October 06, 2013

Advancements in somatic-cell nuclear transfer prove promising for future of regenerative medicine


Since the birth of Dolly, the cloned sheep, in 1996, somatic-cell nuclear transfer (SCNT) technology has been assumed to be used only for cloning various species. In a recent article published in Animal Frontiers, authors Kiho Lee and Randall S. Prather (University of Missouri) discuss and summarize advancements in the SCNT technology, specifically in pigs.

Advancements in SCNT technology and efficiency have produced a better understanding of nuclear transfer and timing, and improvements in the embryo culture system: “Improvements in embryo culture will increase the availability of high quality embryos and thus increase the application of SCNT” (Lee, Prather). The article also discusses the utilization of SCNT for the production of genetically engineered pigs and the impact this technology could have on genetic engineering in domestic animals in the future. Recent developments show that gene targeting can be much more efficient with SCNT, a process that has been considered challenging and inefficient in the past. Additionally, pigs are genetically very similar to humans, which have made them an excellent model for biomedical studies. Lee and Prather claim that advancements in pig SCNT will facilitate various achievements in this technology.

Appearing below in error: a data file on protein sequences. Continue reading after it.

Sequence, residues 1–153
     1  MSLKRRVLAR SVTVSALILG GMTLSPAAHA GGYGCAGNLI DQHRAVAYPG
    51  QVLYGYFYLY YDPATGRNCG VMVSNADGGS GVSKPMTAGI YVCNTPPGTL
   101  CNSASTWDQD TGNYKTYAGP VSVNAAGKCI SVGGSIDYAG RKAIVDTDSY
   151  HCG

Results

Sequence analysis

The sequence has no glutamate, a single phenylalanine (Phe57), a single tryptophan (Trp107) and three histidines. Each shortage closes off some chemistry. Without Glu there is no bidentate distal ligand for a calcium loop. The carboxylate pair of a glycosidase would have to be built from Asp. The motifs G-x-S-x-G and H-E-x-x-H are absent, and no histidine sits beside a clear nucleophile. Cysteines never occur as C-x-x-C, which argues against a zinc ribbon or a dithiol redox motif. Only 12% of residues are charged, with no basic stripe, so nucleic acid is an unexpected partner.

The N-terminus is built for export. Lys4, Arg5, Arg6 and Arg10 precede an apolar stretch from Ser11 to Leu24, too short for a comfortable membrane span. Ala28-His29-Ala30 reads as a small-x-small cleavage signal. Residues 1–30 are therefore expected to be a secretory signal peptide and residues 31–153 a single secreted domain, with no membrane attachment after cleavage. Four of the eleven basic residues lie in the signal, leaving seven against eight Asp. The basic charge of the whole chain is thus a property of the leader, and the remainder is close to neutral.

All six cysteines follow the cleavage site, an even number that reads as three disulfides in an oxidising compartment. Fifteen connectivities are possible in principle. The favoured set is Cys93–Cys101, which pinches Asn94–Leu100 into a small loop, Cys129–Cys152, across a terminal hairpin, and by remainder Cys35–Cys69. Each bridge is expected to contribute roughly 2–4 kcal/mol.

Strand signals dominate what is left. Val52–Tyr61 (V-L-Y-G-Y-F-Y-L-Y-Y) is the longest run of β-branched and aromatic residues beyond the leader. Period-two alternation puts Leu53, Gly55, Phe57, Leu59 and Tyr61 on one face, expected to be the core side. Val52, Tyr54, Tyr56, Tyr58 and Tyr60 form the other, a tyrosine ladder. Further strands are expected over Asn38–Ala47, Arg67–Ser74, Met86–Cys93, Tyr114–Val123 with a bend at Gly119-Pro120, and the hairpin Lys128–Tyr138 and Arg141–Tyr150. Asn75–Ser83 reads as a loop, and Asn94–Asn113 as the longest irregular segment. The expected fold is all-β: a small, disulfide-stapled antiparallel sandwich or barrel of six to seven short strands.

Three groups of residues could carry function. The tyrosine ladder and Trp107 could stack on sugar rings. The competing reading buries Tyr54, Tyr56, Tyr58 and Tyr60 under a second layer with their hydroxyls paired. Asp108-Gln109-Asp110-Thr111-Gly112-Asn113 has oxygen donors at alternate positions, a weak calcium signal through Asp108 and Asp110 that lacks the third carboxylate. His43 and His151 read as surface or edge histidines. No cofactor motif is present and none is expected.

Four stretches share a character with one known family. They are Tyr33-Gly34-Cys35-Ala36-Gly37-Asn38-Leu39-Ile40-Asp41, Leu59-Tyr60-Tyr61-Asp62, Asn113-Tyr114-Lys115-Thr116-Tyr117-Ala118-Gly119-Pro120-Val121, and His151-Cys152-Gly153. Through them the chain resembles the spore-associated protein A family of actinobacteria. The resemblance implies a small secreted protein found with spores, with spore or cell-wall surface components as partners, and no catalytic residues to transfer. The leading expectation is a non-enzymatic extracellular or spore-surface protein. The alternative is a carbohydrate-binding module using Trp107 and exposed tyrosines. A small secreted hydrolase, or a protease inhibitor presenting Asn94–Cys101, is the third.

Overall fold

One of the possible advancements in the use of SCNT is the ability to generate stem cells from somatic cells. This process has the potential to be used as a source of cells to help treat degenerative diseases in humans, such as Alzheimer’s and Parkinson’s disease. The U.S. National Institutes of Health has recognized pigs as an important model for human diseases and has established a National Swine Resource and Research Center at the University of Missouri; this center has been founded to serve as a genetic resource for the biomedical community at large.

The advancements discussed in this article are important in the field of SCNT technology and will help researchers in producing genetic modifications for a variety of purposes, including the applications of pigs to study human diseases and regenerative medicine. There are still many unknown factors about SCNT, and research clarifying the process would provide more pathways to use SCNT.

This article is titled “Advancement in somatic cell nuclear transfer and future perspectives,” and can be found at animalfrontiers.org.

Scientific contact:
Kiho Lee
University of Missouri

Media Contact:
Anne Zinn
ASAS Communications